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Pinellas must make strong bid for 44-acre Gladys Douglas property | Editorial
This is a rare opportunity for a massive public park.
An aerial map showing the 44-acre Gladys Douglas property with the 55-acre Jerry Lake to the northeast.
An aerial map showing the 44-acre Gladys Douglas property with the 55-acre Jerry Lake to the northeast. [ City of Dunedin ]
This article represents the opinion of the Tampa Bay Times Editorial Board.
Published Oct. 22, 2020

The 44 wooded acres near Dunedin would be a rare chance to create a substantial new park in a mostly built-out county. So people were incensed when a developer got control of the privately owned tract. But now the property is back on the market, and local government officials have first crack at making an offer. Without breaking the bank, now is the time to get creative and come up with a competitive bid. This gem should not get away without a fight.

The story begins with Gladys Douglas' dream. A local philanthropist who died last year at the age of 95, Douglas wanted to create a large public park by linking the 44 acres she owned to an adjacent 55-acre lake she had sold to the state many years earlier. The property offered unusual ecosystems, including 16 acres of sand pine rosemary scrub soil, 99 percent of which has been destroyed by development in Pinellas County. She and her estate were in talks with Pinellas and Dunedin officials, but the $11 million price tag was too high.

Instead, Pulte Homes, the third largest homebuilder in America, signed a contract to purchase the land for $14.5 million, higher than the appraised price. Many thought the conservation opportunity was gone, but that changed this week when Pulte pulled out of the deal at the end of the inspection period. A statement from Pulte wasn’t clear on why the company backed out. "It has become clear that a mutually beneficial agreement does not appear possible at this time in the timeframe mandated by the seller,” the statement said. Pulte had already run into trouble when it received a warning from the Florida Fish and Wildlife Conservation Commission after a contractor took a bulldozer through gopher tortoise tunnels on the property.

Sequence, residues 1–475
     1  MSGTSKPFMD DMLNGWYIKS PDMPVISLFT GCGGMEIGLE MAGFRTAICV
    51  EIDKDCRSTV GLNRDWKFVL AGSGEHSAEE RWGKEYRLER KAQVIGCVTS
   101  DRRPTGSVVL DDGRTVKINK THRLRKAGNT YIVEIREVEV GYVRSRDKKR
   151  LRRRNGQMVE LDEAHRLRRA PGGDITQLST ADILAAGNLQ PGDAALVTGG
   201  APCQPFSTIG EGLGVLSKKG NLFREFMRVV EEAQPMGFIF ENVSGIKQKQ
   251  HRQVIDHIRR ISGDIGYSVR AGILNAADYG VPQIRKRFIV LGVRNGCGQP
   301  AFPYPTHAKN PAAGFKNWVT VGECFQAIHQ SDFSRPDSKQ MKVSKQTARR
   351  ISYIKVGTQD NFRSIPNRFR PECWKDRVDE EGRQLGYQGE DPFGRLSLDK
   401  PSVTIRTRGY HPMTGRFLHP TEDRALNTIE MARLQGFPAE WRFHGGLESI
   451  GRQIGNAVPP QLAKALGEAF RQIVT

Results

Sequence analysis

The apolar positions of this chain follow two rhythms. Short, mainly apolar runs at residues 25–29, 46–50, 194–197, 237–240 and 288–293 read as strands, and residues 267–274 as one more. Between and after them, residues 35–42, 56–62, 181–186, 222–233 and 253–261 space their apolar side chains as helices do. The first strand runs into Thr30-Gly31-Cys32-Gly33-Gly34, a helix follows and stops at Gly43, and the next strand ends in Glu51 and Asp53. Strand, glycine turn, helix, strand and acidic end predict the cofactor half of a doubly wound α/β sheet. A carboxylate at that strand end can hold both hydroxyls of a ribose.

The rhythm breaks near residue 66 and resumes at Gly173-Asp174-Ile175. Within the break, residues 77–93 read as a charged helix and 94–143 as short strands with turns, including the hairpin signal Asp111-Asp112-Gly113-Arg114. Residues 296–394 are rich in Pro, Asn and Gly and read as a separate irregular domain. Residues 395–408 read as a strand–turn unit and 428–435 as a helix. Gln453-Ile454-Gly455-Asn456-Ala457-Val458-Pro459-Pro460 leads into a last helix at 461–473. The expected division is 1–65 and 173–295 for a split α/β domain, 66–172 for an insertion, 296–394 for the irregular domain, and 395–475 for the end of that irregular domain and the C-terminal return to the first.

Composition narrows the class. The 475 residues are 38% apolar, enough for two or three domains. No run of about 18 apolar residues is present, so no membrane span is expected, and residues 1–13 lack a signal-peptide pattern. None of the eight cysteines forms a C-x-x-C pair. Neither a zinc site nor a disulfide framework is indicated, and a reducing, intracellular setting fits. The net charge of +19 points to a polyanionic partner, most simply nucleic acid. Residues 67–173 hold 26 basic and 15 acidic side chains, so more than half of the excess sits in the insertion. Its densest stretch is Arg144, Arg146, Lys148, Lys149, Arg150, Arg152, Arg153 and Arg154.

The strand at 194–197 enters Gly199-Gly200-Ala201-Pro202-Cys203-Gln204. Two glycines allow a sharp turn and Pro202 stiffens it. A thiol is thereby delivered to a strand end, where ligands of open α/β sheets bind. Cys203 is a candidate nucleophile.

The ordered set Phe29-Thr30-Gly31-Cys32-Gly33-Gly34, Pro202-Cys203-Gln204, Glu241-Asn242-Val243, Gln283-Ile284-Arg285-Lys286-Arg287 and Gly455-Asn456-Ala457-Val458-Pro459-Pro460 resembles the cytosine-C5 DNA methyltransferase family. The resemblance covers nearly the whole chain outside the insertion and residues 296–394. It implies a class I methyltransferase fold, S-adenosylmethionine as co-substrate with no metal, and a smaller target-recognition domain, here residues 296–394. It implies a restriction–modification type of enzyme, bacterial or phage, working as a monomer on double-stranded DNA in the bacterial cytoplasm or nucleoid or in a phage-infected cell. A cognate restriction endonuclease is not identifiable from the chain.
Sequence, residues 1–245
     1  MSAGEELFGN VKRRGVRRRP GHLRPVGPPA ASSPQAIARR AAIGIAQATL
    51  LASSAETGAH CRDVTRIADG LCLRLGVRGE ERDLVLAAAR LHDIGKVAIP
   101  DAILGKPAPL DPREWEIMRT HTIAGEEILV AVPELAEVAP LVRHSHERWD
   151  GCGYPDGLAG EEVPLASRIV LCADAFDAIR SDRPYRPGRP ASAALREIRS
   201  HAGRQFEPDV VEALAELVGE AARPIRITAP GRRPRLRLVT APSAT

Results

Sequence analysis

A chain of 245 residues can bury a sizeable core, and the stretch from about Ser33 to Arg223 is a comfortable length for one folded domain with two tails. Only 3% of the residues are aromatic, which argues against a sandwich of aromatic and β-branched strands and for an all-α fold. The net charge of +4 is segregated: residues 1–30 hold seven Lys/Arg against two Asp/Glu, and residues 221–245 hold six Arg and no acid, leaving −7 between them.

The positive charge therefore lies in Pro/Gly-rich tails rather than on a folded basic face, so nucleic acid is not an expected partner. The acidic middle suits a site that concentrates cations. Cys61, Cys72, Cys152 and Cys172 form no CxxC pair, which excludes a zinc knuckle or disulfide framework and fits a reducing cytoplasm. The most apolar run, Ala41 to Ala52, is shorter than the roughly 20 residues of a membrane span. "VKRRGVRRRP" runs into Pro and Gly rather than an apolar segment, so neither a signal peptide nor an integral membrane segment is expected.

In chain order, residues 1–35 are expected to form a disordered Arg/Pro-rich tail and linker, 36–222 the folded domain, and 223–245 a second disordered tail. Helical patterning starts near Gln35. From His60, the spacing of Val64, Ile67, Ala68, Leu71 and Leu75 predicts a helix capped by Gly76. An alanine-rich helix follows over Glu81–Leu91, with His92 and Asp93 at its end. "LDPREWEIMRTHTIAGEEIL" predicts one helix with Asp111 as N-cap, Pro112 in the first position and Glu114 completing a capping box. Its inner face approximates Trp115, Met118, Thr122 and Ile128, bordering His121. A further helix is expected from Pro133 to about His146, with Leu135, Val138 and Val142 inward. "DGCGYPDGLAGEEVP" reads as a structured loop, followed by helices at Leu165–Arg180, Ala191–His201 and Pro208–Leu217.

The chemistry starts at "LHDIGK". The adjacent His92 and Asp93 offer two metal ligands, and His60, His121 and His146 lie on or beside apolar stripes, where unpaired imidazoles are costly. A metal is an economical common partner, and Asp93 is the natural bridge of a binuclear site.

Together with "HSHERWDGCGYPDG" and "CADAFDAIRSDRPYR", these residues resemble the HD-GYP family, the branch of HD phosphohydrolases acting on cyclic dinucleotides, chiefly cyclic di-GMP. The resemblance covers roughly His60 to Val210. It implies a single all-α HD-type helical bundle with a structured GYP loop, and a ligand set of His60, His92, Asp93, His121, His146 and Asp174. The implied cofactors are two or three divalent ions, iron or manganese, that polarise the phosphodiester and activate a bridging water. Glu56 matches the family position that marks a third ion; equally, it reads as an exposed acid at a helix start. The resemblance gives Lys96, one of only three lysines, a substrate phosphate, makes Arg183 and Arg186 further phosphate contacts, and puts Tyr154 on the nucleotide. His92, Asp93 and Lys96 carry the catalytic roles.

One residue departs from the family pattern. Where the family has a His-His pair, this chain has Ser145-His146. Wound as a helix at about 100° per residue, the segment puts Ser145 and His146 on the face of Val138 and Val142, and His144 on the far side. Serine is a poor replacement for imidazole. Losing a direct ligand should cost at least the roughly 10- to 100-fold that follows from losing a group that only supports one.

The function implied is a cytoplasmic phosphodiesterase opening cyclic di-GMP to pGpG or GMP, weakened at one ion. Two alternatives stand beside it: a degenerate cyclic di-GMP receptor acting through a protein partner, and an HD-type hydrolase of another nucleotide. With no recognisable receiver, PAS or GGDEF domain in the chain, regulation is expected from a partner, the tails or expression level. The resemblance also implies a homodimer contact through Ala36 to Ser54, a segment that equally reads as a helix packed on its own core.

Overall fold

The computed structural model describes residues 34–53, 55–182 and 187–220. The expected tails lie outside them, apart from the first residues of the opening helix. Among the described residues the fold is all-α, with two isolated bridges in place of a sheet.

Now the city of Dunedin and Pinellas County have until January to make an offer. The Dunedin City Commission voted this week to earmark $2 million toward the park. That’s a good start, but it will take millions more. Just how much more is unclear. Dunedin City Manager Jennifer Bramley, said she thought an offer would fall closer to $8 million based on an appraisal of what the property is worth as a conservation investment.

But the attorney representing Gladys Douglas' estate has indicated that he’s seeking the best offer and likely won’t accept a lesser amount regardless of who makes the bid or what they plan to do with the property. At this point, Dunedin and the county should take that as a challenge, not an impossible hurdle. Gather some nimble minds together and come up with a solid offer.

This is a rare chance to preserve wildland in a county that has few similar conservation opportunities. In fact, Douglas' property ranked No. 1 on the county’s list of 60 potential purchases. The city and county should get resourceful about funding and keep the lines of communication open. They cannot let this renewed opportunity go to waste.

Editorials are the institutional voice of the Tampa Bay Times. The members of the Editorial Board are Times Chairman and CEO Paul Tash, Editor of Editorials Graham Brink, and editorial writers Elizabeth Djinis, John Hill and Jim Verhulst. Follow @TBTimes_Opinion on Twitter for more opinion news.

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